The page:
49. An inoffensive but not particularly distinguished half-hour.
  50. The second flight of episodes shares much with year one -- showy [performances] tethered to uneven writing and a less-defined premise than those of other top pay TV dramas.
  51. Wildly uneven.
  52. Having four women with sufficiently distinct personalities and a pleasant tone should help the show secure some viewership, but it really belongs on a specialized femme-oriented cable net.
  53. "Psych" isn't nearly as much fun as it ought to be, offering a breezy but not particularly captivating twist on a very well-worn buddy formula.
  54. A high-octane cast brings some promise to the show.
  55. Woods is such a compelling presence that he might be able to elevate even procedural fare.
  56. This is... one of those concepts seemingly destined to leave a small but outspoken fan contingent grumbling next summer at Comic-Con about its cancellation.
  57. Even if the material is a trifle slight, pairing of John Lithgow and Jeffrey Tambor brightens matters, serving up smiles if not outright guffaws.
  58. There's a fine line between mysterious and just plain mystifying, and "Day Break" lurches over it.
  59. "Flight" is pretty much a snooze until the music starts, at which point the show kicks up into something quite weird and occasionally wonderful.
  60. ESPN's eight-episode mini-series plays remarkably flat despite a sharp portrayal by John Turturro as the eye at the center of the storm.
  61. Jon Harmon Feldman’s naughty script doesn’t develop much chemistry among the guys.
  62. In Treatment's intensity does build as the weeks progress, but it's never completely absorbing, and you wonder how many viewers will commit to such a demanding regimen even with multiple plays to catch up on missed half-hours.
  63. The result is a series that wants to do good and still have enough "edge" to do well in the rough-and-tumble, less-nurturing environment of reality TV, which feels out of step with all the good vibrations.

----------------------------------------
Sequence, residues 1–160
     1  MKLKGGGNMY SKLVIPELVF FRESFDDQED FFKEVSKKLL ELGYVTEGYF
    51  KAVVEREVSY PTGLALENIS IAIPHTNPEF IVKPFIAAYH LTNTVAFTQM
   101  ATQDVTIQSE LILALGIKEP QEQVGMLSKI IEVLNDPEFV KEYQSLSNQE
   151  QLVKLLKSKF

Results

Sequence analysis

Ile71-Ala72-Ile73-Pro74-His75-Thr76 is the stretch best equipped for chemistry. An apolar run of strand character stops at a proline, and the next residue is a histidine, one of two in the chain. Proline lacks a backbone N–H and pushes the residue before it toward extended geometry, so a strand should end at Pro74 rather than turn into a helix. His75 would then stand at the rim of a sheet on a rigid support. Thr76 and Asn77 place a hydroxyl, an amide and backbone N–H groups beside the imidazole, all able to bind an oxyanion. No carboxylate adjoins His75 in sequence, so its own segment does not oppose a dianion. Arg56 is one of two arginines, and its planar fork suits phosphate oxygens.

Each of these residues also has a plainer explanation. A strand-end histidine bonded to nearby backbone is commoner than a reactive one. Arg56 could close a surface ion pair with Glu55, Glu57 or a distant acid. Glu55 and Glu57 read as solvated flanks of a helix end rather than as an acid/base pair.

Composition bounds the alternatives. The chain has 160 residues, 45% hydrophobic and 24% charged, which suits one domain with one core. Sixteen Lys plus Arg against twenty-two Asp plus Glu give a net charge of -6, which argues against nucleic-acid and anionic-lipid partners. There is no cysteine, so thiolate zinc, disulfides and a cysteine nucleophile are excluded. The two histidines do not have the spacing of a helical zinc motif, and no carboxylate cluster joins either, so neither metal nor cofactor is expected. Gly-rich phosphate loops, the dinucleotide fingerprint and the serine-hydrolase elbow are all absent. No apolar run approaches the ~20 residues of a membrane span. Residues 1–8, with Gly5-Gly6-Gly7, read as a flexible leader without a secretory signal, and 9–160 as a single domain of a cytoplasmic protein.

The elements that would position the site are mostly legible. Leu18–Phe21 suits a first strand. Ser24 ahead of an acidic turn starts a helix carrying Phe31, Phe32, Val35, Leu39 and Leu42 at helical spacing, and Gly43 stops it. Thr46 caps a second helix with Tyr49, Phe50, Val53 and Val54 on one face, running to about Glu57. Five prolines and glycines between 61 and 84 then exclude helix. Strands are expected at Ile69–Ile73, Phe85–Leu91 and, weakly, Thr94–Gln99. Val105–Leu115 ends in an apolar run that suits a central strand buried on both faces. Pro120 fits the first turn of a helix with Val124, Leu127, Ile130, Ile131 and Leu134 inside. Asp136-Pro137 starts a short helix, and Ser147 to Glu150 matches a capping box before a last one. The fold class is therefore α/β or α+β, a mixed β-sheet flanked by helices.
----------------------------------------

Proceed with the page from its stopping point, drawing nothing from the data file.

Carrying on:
64. Easy to dismiss at first glance, the series does exhibit some possibilities in its second episode, though it's still a relatively uninspired time-killer for those of us with just one life to live.
  65. It's understandable why CBS would take its own low-risk shot with "Flashpoint" as summer filler. Yet as viewing experiences go, the series itself possesses so little flash, finally, that it's difficult to see the point.
  66. Despite fine elements, then, the show feels a trifle rudderless--content to deal in edgy high-school archetypes (a gay kid, an irreverent Muslim youth, even one boy with a "Dawson's"-like crush on his teacher), but archetypes nevertheless.
  67. Perhaps appropriately, the period trappings and costumes are impeccable, part of a miniseries that weaves six production logos into its hemline--suggesting more commerce than art in its conception.
  68. Baker does possess a certain roguish charm, and writer Bruno Heller ("Rome") and pilot-directing guru David Nutter mine that--as well as the central character's slightly menacing backstory--to try and invest the series with a bit of depth, mostly to little avail.
  69. Ultimately, it's harmless but pretty stupid, which generally describes most of actor-producer Ashton Kutcher's forays into primetime.
  70. Clone Wars--the "Star Wars" animated series that amounts to an "interquel" between Episodes II and III--is vastly superior to the advance theatrical movie. That's mostly beacuse the half-hour episodes are so jam-packed with action the clunky dialogue flies by less obtrusively, and the irritating characters have less time to annoy.
  71. Throw a bouquet, then, strictly to the casting folks for the assortment of types they've assembled. Beyond that, Stylista qualifies as fierce, to borrow producer Tyra Banks' phraseology, only in its steadfast commitment to copying the same old models.
  72. There's nothing howlingly bad here (except perhaps for a few of the supporting performances), but nothing particularly distinctive, either.
  73. Although the program has never wasted much time developing characters, the banter between detectives Lupo (Jeremy Sisto) and Bernard (Anthony Anderson) seems even more disposable than usual.